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if you work with a camera, thetimes you have to put camera down -- sorry -- and you just have to just talk with the person. see if the person will say anything. you can then turn around and say it. obviously, the gold standard is having the person who saw something happen say on camera, this happen. because that person now has skin in the game. but it doesn't always happen. it doesn't always work that way a journalist,as is to find a way to tell the they as it is, not tell story as you think it should be told. offshouldn't be ticking boxes and saying i got these three soundbites, i spoke to i got this official, video of the scene, here's my and i'm piece to camera done. that's -- you're chronicling what actually is, not filling formula.oxes in a >> but it has gotten much, much
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worse, especially in the political atmosphere. 10as a political reporter years ago, and experienced it. vitriol and the level of hatred by some for the has completely intensified. if you look at the way that the youaigns are covered and heard reporters being heckled in pressgn rallies and in jorge ramos kicked out of a press conference by the be.ident to >> he was dragged out. at some point it becomes harder to deal with for the news industry. >> there's a couple of other diana andt pull rosalind's points together and issue, back to the trust don't feelf people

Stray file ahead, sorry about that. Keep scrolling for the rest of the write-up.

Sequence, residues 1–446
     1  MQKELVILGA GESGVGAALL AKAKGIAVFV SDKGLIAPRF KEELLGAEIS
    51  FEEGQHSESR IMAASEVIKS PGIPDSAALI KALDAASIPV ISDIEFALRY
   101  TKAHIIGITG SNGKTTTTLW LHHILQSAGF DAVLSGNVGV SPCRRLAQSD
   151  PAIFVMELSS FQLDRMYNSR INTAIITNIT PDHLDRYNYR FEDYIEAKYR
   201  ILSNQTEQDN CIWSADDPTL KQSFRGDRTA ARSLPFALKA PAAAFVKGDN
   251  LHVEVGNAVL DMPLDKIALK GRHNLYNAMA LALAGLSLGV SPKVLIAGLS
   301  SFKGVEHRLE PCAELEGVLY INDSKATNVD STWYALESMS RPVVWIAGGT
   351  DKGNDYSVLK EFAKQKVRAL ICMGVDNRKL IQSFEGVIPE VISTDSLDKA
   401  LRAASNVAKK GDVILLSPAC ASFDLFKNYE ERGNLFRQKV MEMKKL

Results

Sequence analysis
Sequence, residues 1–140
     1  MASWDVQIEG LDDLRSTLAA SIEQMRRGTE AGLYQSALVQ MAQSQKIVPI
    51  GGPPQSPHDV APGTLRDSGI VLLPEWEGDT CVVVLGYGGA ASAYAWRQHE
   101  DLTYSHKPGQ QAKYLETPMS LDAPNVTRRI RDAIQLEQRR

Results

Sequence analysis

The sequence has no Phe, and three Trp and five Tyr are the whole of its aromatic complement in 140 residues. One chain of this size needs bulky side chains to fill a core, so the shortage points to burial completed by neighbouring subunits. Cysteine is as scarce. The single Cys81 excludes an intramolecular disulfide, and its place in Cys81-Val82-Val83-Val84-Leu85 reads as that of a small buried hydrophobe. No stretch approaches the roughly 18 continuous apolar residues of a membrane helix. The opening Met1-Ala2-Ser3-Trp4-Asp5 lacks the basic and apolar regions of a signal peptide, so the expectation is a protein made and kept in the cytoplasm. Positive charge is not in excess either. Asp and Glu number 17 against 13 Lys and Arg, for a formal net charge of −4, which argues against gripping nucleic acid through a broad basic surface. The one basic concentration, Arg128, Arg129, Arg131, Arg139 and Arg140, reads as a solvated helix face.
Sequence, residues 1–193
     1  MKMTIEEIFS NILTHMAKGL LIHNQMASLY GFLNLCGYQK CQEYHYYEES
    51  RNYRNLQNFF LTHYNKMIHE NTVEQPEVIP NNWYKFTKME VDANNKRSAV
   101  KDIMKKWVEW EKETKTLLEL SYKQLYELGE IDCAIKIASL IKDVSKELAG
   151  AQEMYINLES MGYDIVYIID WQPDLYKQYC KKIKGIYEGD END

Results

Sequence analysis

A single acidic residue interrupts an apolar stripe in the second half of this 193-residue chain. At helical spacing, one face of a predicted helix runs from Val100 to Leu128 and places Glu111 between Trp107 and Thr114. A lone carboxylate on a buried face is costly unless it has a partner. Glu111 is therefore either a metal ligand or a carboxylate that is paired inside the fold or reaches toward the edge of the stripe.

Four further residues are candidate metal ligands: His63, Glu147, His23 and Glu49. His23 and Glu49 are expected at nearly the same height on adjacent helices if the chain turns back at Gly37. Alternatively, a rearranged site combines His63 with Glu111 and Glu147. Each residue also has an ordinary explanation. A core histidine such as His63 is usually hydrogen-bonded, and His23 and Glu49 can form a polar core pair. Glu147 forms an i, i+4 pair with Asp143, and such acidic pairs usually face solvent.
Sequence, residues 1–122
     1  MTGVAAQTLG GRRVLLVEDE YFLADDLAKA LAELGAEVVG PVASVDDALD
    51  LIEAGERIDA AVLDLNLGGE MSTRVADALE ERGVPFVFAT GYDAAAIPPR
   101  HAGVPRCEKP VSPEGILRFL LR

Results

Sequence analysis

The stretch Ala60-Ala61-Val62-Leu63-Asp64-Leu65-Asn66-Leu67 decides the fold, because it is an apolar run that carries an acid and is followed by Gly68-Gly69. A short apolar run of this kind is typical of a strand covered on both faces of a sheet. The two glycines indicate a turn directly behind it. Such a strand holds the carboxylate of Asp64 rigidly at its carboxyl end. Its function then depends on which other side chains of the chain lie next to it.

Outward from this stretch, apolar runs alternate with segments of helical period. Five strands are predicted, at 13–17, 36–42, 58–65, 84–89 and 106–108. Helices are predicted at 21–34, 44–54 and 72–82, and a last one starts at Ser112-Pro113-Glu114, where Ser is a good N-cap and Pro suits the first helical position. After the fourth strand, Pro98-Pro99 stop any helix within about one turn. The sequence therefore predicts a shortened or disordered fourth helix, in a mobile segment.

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their communities are being longed fairly, that's before anybody ever heard of donald j. trump, they're not their doors to you. that, what was said oflier, things taken out context, and you add on top of who have, over a course of time, you know, trashed the press because it was convenient to do so to score political points. age-old history the politicalth frosting on top of an already tasting cake. and so you have reporters being political rallies covering the president or having out by police, things of that nature.
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that's what happened during this last campaign. ashave a responsibility journalists to get to right but have theake sure to voices in the room and also the people who are in power, who are thised with uniqueibility, have a role and power and must use it accordingly to reinvest trust in all of the institutions. be a skeptic. yes, you can want to change trash itt to simply has that cascading effect down to the point where people trying cover an honest-to-good booted awaye being old problem and the new problem on top of that and that doesn't serve anybody findse you're trying to out whether or not one of the